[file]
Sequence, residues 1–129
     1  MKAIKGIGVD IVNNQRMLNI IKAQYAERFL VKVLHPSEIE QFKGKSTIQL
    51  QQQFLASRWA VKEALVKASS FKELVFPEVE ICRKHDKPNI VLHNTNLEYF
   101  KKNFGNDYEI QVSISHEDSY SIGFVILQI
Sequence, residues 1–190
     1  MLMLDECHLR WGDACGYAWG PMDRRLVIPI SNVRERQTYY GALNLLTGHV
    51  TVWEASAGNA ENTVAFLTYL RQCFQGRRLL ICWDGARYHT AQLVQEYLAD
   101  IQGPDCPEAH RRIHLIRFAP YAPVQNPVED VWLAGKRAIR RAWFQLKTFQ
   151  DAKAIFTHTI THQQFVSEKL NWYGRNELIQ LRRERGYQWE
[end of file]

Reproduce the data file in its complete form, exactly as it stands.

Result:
Sequence, residues 1–129
     1  MKAIKGIGVD IVNNQRMLNI IKAQYAERFL VKVLHPSEIE QFKGKSTIQL
    51  QQQFLASRWA VKEALVKASS FKELVFPEVE ICRKHDKPNI VLHNTNLEYF
   101  KKNFGNDYEI QVSISHEDSY SIGFVILQI
Sequence, residues 1–190
     1  MLMLDECHLR WGDACGYAWG PMDRRLVIPI SNVRERQTYY GALNLLTGHV
    51  TVWEASAGNA ENTVAFLTYL RQCFQGRRLL ICWDGARYHT AQLVQEYLAD
   101  IQGPDCPEAH RRIHLIRFAP YAPVQNPVED VWLAGKRAIR RAWFQLKTFQ
   151  DAKAIFTHTI THQQFVSEKL NWYGRNELIQ LRRERGYQWE